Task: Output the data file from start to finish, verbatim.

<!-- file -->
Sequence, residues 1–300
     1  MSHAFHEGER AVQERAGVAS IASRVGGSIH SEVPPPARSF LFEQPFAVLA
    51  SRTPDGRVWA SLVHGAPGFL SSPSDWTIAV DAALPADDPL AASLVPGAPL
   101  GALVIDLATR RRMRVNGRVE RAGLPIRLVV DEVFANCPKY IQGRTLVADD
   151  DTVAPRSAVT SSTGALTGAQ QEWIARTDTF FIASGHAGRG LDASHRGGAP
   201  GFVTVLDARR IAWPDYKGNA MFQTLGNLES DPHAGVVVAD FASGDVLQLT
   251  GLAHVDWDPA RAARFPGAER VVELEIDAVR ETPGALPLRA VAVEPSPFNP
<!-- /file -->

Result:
Sequence, residues 1–300
     1  MSHAFHEGER AVQERAGVAS IASRVGGSIH SEVPPPARSF LFEQPFAVLA
    51  SRTPDGRVWA SLVHGAPGFL SSPSDWTIAV DAALPADDPL AASLVPGAPL
   101  GALVIDLATR RRMRVNGRVE RAGLPIRLVV DEVFANCPKY IQGRTLVADD
   151  DTVAPRSAVT SSTGALTGAQ QEWIARTDTF FIASGHAGRG LDASHRGGAP
   201  GFVTVLDARR IAWPDYKGNA MFQTLGNLES DPHAGVVVAD FASGDVLQLT
   251  GLAHVDWDPA RAARFPGAER VVELEIDAVR ETPGALPLRA VAVEPSPFNP